Why Don’t You Walk More?

   (A)   In the absence of operating traffic controls at an intersection, the operator of a bicycle or vehicle shall slow down or stop to yield the right-of-way to a pedestrian in a marked or unmarked crosswalk.  However, no pedestrian shall suddenly leave a curb or other place of safety and walk or run into the path of a vehicle which is so close that it is impossible for the driver to stop or yield.
looking down piedra lisa menaul
A lovely Spring day in 2017 driving downhill on Menaul between Juan Tabo and Eubank at the posted speed of 40 mph
crossing menaul piedra lisa
You’ll need to click on this screengrab to get the full effect. Here’s how it looks trying to cross Menaul on the Piedra Lisa multi-use path. With a stroller. Note the faded, but still existent crosswalk striping.

Better Burque is currently working on several fronts toward a better understanding of  crosswalks in our city, including an “audit” of places where crosswalk striping exists on major roads without signalization (i.e., a red light). This “audit” consists of using Google Streetview’s satellite option to simply scan the major streets. It would make this seem slightly less nerdy if BB was doing so on a MacArthur or Federal Highway Administration grant, but everybody has to have a hobby.

Such “research” shows that almost all such crossings are in place near schools, but a few “marked crosswalks” lie in situations like Piedra Lisa Trail above. As noted in previous examinations of such roadway treatments following discovery that a walker was killed on such a crossing in 2017, the City is a hodge-podge of inconsistent signage, striping, and flashing lights in such instances.

What is also inconsistent is driver behavior, understandably, in response to walkers attempting to cross. As noted in the provision of the Albuquerque Traffic Code above, “the operator of a bicycle or vehicle shall slow down or stop to yield the right-of-way to a pedestrian in a marked or unmarked crosswalk. (author underlining).” Despite the striping at Piedra Lisa and Menaul seen above, one would guess approximately 0% of drivers “slow down or stop to yield” there.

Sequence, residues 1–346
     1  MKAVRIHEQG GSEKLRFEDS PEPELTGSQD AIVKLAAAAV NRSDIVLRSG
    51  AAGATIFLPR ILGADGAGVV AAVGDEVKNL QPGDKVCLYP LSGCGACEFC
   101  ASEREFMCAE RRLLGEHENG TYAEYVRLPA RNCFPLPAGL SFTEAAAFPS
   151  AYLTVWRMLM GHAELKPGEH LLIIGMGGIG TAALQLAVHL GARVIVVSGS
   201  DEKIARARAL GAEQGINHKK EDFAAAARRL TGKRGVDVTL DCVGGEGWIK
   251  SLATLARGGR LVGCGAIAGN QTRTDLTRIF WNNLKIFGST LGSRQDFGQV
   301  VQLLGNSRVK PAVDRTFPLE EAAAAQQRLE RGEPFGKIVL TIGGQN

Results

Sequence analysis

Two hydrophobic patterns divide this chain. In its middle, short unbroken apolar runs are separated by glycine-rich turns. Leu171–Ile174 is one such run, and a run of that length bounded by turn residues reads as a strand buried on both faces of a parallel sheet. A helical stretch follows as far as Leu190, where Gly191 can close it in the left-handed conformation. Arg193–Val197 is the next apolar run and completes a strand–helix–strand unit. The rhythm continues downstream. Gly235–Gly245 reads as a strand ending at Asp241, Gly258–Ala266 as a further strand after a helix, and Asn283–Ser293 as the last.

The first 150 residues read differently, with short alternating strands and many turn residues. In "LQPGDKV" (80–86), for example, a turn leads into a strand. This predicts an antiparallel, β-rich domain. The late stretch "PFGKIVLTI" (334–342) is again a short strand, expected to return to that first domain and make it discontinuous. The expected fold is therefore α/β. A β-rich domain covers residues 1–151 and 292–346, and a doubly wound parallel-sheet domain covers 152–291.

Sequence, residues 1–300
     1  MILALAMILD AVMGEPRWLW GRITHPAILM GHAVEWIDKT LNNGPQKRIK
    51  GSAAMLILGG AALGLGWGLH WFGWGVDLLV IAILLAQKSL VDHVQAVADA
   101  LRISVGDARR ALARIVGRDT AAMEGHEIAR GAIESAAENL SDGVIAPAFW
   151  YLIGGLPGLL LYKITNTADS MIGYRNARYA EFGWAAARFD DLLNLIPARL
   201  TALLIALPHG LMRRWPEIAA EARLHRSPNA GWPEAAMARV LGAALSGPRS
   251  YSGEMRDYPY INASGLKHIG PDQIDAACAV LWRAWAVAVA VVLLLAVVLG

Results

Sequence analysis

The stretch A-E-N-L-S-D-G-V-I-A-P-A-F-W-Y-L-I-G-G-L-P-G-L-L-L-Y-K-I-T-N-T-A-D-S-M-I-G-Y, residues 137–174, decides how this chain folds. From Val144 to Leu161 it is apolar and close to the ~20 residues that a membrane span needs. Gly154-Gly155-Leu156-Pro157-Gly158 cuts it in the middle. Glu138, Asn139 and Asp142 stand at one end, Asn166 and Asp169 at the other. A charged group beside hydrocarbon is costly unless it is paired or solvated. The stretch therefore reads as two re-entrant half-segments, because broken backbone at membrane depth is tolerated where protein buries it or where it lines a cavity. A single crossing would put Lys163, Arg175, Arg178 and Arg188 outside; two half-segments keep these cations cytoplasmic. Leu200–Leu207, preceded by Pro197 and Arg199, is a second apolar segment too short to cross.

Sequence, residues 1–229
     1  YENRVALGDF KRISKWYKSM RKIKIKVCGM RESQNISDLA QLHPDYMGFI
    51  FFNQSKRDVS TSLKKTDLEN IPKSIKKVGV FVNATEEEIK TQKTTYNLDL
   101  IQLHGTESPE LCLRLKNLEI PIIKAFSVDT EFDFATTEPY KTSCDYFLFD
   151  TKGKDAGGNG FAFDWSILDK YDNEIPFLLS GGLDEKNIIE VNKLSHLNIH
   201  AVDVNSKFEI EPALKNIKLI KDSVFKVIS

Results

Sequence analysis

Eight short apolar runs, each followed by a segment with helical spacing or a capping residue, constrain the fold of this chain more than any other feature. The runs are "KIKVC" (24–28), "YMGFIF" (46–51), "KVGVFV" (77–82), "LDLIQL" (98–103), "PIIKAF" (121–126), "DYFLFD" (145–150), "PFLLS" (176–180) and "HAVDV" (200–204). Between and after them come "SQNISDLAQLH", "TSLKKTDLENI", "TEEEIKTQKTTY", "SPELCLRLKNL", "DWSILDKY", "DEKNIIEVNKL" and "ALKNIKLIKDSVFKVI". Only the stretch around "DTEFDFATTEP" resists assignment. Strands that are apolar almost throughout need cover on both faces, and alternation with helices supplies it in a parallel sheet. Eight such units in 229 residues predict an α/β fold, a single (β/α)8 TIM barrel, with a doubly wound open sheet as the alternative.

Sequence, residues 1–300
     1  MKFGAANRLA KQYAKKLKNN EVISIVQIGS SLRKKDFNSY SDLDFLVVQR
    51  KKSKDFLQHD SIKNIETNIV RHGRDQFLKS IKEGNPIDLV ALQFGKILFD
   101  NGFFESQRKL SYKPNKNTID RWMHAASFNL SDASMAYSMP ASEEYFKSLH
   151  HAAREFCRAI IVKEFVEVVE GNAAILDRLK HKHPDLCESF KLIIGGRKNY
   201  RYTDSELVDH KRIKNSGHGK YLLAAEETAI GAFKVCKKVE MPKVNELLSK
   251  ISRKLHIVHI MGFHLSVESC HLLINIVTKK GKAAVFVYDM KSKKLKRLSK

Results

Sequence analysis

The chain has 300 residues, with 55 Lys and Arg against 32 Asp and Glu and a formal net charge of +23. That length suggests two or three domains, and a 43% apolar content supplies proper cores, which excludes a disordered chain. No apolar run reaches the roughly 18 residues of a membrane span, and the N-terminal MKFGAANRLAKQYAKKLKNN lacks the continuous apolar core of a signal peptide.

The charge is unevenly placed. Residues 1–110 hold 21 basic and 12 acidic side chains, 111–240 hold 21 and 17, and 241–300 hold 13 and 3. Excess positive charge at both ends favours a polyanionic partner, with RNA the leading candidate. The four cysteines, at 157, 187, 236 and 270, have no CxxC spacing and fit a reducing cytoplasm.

Perhaps even more dangerously are the situations in which a driver actually does “slow down or stop to yield,” as anyone who tries to walk or cycle such crossings can attest. That’s because the percentage of drivers who do so is very small and the number of nearby drivers enraged by the rare “slow down or stop to yield” driver very, very large. Okay, sometimes it’s not rage, merely confusion, but the bottom line is we’re left with some combination of rage and confusion in all such cases, none of which make these crossings any more comfortable and all of which make them even more dangerous than they already are.

As a result, Better Burque is in the weird position of recommending that NOBODY “slow down or stop to yield,” despite such action being explicitly proscribed in the Traffic Code. This counter-intuitive response is very indicative of the following:

    1. The current Traffic Code is both confusing and inappropriately enforced. The Code needs a complete overhaul.
    2. Current enforcement and driving practice is 100% about making things easier/safer for drivers and 0% about making it more comfortable/safe to attempt crossings of major roads via our multi-use paths.
    3. This situation leads to far less usage of such paths than would happen if crossing treatments were consistent (including red lights/HAWK signals), speed limits reduced ala school zones and roads engineered with raised crossings and other measures that better force drivers to slow down.

For now, just as was true on that lovely Spring 2017 day the Google Streetview car drove Peidra Lisa Trail at Menaul, we’re left with a person pushing a stroller deciding when to risk it while drivers going 40 mph (at least) have their view blocked by lovely budding trees in the median.

crossing menaul piedra lisa

looking down piedra lisa menaul

And we wonder why “nobody” walks in this town.

 

P.S.: Some readers might have noticed that the signs at the Piedra Lisa/Menaul crossing only reference cyclists. There’s no sign indicating that walkers might be using Piedra Lisa, too. Methinks this mindset helps explain the roadway engineering at these spots as well. These crossings are designed for survival (albeit poorly/inconsistently) if one is going as fast as someone on a bicycle. If you’re walking…good luck.

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